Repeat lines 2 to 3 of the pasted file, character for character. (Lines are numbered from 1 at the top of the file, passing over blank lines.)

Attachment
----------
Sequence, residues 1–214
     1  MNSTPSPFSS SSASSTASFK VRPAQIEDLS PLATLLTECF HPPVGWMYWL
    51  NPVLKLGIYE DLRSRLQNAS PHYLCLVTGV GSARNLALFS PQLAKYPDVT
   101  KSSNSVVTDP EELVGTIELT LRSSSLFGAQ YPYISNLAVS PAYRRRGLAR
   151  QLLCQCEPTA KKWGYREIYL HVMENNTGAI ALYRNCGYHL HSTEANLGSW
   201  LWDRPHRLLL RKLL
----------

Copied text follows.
     1  MNSTPSPFSS SSASSTASFK VRPAQIEDLS PLATLLTECF HPPVGWMYWL
    51  NPVLKLGIYE DLRSRLQNAS PHYLCLVTGV GSARNLALFS PQLAKYPDVT